Friday’s June jobs report was not the surprise that business media made it to be. Employers added 287,000 new hires in June, according to the Bureau of Labor Statistics, which was well above the 175,000 consensus estimate, but the long-term trend is a strong one and the big jump in June was merely a reversion to the mean. It’s also not a surprise that the trend continues to move lower as economic expansion reaches its eighth year.
Within the report were two noteworthy items. First, the categories of employment that grew the most were higher-paying sectors like IT, education and health services and professional services. Second was the continued growth in wages. Pegged only one-tenth percent higher in June compared to May, wages were nonetheless 2.6 percent higher year-over-year. That represents healthy growth over price inflation and a steady – if unspectacular – trend upward over the past year.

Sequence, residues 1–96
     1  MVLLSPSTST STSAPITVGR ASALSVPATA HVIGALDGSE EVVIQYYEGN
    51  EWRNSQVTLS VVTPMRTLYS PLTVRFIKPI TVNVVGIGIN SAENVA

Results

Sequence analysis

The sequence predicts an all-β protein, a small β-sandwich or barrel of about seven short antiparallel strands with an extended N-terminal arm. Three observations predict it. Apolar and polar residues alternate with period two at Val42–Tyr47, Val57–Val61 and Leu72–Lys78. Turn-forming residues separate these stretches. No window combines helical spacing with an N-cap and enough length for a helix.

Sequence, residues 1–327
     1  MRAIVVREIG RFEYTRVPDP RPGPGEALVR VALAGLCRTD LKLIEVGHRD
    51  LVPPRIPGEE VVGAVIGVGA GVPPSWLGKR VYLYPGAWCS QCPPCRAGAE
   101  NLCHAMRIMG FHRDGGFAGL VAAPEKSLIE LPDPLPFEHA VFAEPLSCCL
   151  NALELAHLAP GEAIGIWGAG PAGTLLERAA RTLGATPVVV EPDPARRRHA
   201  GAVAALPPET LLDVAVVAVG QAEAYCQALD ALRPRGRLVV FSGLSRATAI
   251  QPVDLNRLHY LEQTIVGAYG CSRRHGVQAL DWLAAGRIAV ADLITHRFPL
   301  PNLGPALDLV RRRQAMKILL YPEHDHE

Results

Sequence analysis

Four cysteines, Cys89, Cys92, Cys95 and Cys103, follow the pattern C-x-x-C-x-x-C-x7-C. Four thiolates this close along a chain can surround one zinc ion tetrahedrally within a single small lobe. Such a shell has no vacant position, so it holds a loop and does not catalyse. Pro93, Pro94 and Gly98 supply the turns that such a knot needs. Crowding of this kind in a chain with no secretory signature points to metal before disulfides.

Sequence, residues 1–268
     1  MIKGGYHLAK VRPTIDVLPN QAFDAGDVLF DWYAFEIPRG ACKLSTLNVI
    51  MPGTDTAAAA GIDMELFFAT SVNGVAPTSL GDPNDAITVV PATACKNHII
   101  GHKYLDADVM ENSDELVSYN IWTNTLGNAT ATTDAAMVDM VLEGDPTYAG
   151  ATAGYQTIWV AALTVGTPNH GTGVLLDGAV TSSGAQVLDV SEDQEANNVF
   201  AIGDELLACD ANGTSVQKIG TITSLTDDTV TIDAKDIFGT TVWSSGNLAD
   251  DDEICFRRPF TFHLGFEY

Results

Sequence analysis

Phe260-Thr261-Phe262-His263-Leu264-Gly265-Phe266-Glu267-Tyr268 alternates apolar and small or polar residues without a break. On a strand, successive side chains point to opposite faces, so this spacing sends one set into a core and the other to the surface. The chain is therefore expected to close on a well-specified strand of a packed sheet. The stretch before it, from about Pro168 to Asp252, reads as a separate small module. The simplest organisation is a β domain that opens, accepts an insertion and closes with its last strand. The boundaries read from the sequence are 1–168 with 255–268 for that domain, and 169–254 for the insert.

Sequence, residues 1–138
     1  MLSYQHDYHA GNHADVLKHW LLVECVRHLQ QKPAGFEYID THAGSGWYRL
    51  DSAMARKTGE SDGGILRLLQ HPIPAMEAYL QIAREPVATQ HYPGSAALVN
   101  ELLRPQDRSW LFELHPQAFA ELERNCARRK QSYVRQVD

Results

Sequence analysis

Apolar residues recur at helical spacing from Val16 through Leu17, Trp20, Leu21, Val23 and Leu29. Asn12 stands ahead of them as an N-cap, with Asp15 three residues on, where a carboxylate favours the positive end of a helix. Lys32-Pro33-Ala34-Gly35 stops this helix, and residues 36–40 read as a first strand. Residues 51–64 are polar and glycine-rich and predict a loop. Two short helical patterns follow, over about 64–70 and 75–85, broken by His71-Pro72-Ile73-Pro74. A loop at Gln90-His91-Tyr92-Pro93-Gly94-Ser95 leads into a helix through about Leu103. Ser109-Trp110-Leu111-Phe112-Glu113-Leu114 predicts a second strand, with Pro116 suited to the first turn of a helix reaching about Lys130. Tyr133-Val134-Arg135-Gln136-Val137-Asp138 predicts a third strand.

job creation history
In project news, Turner Construction was selected by the RIDC to perform preconstruction services for a 65,000 square foot commercial building planned for Almono in Hazelwood. Dick Building Co. was awarded the 104-room, $12 million Hotel Indigo proposed for Second Avenue.

Some Small Project Updates

Tuesday’s bid results for the new playing fields at Pitt’s Trees Hall were very tight. The bids were for the largest piece of the $12.5 million upgrade. The 3 lowest bids were:

Mosites:    $8,377,222

PJ Dick:    $8,400,000

Mascaro:    $8,495,000

City Works Restaurant was awarded to A. Martini & Co. The $2.5 million buildout will take 10,750 square feet in 2 PPG Place. Martini was also successful in landing the $2.2 million tenant improvement for Eckert Seamans, which is renewing its lease for 89,500 square feet in USSteel Tower.

IMG_1148 hi res-crop

Massaro Corp. broke ground last week on the $13.7 million UPMC Hampton ambulatory center. Photo courtesy IKM Inc.

RIDC is in the process of selecting a pre-construction manager to help with the planning of its 65,000 square foot first building at Almono in Hazelwood. Vertical construction won’t occur until late 2016 or 2017.



Optimism Returns